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      HUMAN IMPACTS. The unique ecology of human predators.

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          Abstract

          Paradigms of sustainable exploitation focus on population dynamics of prey and yields to humanity but ignore the behavior of humans as predators. We compared patterns of predation by contemporary hunters and fishers with those of other predators that compete over shared prey (terrestrial mammals and marine fishes). Our global survey (2125 estimates of annual finite exploitation rate) revealed that humans kill adult prey, the reproductive capital of populations, at much higher median rates than other predators (up to 14 times higher), with particularly intense exploitation of terrestrial carnivores and fishes. Given this competitive dominance, impacts on predators, and other unique predatory behavior, we suggest that humans function as an unsustainable "super predator," which—unless additionally constrained by managers—will continue to alter ecological and evolutionary processes globally.

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          Most cited references18

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          Primary production required to sustain global fisheries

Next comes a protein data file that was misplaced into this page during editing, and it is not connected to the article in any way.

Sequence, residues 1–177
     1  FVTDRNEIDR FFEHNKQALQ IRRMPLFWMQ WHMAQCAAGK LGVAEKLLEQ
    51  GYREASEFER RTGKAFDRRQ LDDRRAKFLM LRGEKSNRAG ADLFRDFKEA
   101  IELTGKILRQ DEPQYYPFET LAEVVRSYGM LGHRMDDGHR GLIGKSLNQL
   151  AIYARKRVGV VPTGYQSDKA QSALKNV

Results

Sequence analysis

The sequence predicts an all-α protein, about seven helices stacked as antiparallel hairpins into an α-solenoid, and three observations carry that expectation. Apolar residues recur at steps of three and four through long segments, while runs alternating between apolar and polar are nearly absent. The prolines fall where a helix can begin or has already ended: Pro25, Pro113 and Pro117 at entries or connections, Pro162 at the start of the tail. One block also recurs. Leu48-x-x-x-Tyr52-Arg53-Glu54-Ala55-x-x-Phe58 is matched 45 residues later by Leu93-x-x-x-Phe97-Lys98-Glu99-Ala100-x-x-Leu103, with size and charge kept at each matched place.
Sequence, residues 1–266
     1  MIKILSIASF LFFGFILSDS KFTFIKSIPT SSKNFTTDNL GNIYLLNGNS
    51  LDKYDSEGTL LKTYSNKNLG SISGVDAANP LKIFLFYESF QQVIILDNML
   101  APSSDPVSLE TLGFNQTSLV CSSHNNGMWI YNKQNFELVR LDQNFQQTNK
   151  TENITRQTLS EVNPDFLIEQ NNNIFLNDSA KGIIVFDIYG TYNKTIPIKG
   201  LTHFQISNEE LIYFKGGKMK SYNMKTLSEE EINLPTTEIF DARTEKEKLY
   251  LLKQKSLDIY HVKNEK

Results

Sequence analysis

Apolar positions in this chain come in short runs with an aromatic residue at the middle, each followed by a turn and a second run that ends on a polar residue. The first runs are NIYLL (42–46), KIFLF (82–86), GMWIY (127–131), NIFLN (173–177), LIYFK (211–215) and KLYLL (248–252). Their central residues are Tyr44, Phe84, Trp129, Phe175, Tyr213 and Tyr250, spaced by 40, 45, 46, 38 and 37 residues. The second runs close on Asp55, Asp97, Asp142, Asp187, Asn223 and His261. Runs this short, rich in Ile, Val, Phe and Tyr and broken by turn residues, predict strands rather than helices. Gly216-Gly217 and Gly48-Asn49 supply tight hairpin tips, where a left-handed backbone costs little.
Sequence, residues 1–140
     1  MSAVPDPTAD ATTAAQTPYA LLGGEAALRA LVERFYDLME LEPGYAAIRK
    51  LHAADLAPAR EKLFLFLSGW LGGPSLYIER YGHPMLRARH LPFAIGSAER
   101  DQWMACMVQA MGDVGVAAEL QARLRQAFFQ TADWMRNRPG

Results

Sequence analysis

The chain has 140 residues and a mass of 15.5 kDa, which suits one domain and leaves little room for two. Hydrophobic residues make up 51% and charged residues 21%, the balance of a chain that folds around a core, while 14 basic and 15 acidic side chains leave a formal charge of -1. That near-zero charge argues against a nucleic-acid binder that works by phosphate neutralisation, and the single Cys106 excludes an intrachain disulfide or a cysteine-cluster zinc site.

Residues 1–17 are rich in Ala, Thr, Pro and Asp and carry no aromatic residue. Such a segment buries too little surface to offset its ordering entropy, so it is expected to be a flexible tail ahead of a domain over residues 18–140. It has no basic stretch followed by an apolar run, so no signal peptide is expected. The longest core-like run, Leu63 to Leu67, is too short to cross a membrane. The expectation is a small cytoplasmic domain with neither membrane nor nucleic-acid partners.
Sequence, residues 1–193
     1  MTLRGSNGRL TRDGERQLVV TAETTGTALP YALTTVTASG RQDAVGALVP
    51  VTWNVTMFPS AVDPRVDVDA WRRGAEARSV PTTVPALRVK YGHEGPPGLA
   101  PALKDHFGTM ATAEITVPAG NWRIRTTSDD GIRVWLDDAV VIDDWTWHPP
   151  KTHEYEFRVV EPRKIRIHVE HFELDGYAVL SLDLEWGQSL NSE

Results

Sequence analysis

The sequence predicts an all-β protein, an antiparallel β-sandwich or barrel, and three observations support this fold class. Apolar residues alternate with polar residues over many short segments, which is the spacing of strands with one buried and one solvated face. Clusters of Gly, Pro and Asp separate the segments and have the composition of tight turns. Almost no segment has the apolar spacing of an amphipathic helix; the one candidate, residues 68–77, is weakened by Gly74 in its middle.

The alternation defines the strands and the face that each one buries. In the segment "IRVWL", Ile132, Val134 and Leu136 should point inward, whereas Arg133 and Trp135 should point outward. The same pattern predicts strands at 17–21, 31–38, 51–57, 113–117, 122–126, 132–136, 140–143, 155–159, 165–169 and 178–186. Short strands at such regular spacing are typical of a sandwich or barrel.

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            Assessing the causes of late Pleistocene extinctions on the continents.

            One of the great debates about extinction is whether humans or climatic change caused the demise of the Pleistocene megafauna. Evidence from paleontology, climatology, archaeology, and ecology now supports the idea that humans contributed to extinction on some continents, but human hunting was not solely responsible for the pattern of extinction everywhere. Instead, evidence suggests that the intersection of human impacts with pronounced climatic change drove the precise timing and geography of extinction in the Northern Hemisphere. The story from the Southern Hemisphere is still unfolding. New evidence from Australia supports the view that humans helped cause extinctions there, but the correlation with climate is weak or contested. Firmer chronologies, more realistic ecological models, and regional paleoecological insights still are needed to understand details of the worldwide extinction pattern and the population dynamics of the species involved.
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              Cascading top-down effects of changing oceanic predator abundances.